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Workers' Rights Making Their Way to G20 Agenda

Labor union leaders from the Group of 20 countries met in Moscow on Wednesday in advance of the gathering of their nations' employment and finance ministers later this week to express their concern for the status of working people.

 "People feel abandoned by their governments as they fail to tackle unemployment and prioritize business interests over worker interests," a statement issued by the group prior to their meeting said. "Worldwide unemployment is set to rise above 200 million globally, and almost 75 million people under 25 are jobless."

The Labor 20 and Business 20 — representatives of trade unions and employee organizations from the Group of 20 richest countries — put forward a series of claims: Unemployment is rising, particularly among young people, as the world economy fails to create enough jobs. Job security is falling and acceptable wages and conditions are scarce. The "shadow economy," in which employers avoid tax obligations and workers are deprived of social guarantees, is expanding.

While the unemployment rate in the European Union as of May was 11 percent, Russia's numbers appear to portray a different picture.

"We don't currently see any signs of a crisis on the labor market," Labor Minister Maxim Topilin told Vedomosti this week. "First quarter results show unemployment at 5.8 percent … Only 1.4 percent has registered as unemployed … The number of vacancies exceeds the number of registered unemployed more than twice over."

While Russia's position is "relatively" better that Europe's, 10 percent of young people here are still unemployed, said Mikhail Shmakov, president of the Federation of Independent Trade Unions of Russia. This number ignores the insecurity faced by many who have found work, he added.

Hiding behind the low official rate are 20 million to 40 million "self-employed" people, said Nikolai Ostrakov, vice president of Delovaya Rossia business lobby group. Many of these are young people, often on short term contracts and receiving cash payments, whose employers are in no hurry to bring them into the secure legal sphere, he said.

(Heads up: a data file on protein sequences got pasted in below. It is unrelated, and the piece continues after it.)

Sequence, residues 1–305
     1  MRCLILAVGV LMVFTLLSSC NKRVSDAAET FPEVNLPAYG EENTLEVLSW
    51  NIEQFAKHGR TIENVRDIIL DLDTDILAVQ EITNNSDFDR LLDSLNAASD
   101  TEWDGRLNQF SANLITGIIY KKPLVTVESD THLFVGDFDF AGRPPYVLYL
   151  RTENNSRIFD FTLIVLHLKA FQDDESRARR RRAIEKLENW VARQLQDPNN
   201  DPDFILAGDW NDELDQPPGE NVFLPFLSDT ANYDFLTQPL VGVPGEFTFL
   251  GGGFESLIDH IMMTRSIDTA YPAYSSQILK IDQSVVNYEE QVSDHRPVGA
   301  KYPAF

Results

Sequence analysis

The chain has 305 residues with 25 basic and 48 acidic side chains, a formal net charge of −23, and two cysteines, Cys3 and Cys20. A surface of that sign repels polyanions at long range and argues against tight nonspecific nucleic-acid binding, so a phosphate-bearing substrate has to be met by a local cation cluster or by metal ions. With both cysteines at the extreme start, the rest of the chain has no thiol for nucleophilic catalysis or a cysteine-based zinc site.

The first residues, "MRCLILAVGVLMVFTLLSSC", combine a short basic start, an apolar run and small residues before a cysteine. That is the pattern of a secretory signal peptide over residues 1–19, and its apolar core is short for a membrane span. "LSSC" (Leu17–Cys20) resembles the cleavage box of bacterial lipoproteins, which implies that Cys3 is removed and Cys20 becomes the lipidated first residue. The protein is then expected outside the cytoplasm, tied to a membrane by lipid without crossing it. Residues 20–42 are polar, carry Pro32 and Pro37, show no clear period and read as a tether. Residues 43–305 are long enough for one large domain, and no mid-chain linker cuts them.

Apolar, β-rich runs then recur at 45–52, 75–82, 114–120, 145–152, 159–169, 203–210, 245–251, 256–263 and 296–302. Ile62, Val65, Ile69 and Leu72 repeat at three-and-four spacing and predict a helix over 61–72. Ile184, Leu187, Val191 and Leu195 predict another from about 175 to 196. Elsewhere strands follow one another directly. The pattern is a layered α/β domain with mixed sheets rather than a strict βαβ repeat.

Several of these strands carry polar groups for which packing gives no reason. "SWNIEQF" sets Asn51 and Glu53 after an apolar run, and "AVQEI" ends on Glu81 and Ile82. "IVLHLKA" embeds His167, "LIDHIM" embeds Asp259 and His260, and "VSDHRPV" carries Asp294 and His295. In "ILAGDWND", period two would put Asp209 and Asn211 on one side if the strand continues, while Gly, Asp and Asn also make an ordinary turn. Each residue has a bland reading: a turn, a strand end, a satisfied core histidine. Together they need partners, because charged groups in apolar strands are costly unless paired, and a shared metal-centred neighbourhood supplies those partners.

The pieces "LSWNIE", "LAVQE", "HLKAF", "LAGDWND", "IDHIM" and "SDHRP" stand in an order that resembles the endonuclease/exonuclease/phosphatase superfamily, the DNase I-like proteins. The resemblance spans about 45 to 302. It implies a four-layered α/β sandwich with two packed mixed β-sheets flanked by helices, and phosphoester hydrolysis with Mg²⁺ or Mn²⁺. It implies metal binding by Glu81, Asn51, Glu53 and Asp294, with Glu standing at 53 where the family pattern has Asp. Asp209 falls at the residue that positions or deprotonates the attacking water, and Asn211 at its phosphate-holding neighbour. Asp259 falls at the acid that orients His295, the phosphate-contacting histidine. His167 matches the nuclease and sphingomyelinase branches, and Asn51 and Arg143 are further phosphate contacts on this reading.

The shadow sector accounts for between 20 and 85 percent of the G20 economy, and 40 percent of the global one, said Sharan Burrow, general secretary of the International Trade Union Confederation. Enabling tax evasion and destroying social security, the sector is "withering sustainable business," she said.

Yet the term "lost generation," referring in Europe to an age group unable to get its foot onto the career ladder, cannot be applied to Russia, said Ostrakov. The Russian equivalent is a generation that is averse to risk. "Young people do not want to take responsibility," he said — the bloated government sector soaks them up, providing secure, if not well-paid, work.

Shmakov's Federation of Independent Trade Unions of Russia, the largest in the country, with 22.3 million members, is lobbying for a government program that would guarantee a job to all graduates.

Unions represent 40 percent of all formally employed workers in the country, Shmakov said. The inclusion of trade unions in the discussion and development of policy is enshrined in law, he said. "Our position is always heard," he added, "though it may not be listened to."

Ostrakov sees the unions as more of a tool in the hands of the state than a potent force for workers rights. "In Russia, particularly after perestroika, trade unions are not relevant," he said.

On Thursday the L20 and B20 will meet with the employment ministers of the G20. Then, in a G20 first, on Friday the employment ministers will exchange views with their finance minister counterparts. L20 and B20 officials said they view the participation of finance ministers in the discussions as in itself a positive sign for workers rights.

Contact the author at p.hobson@imedia.ru

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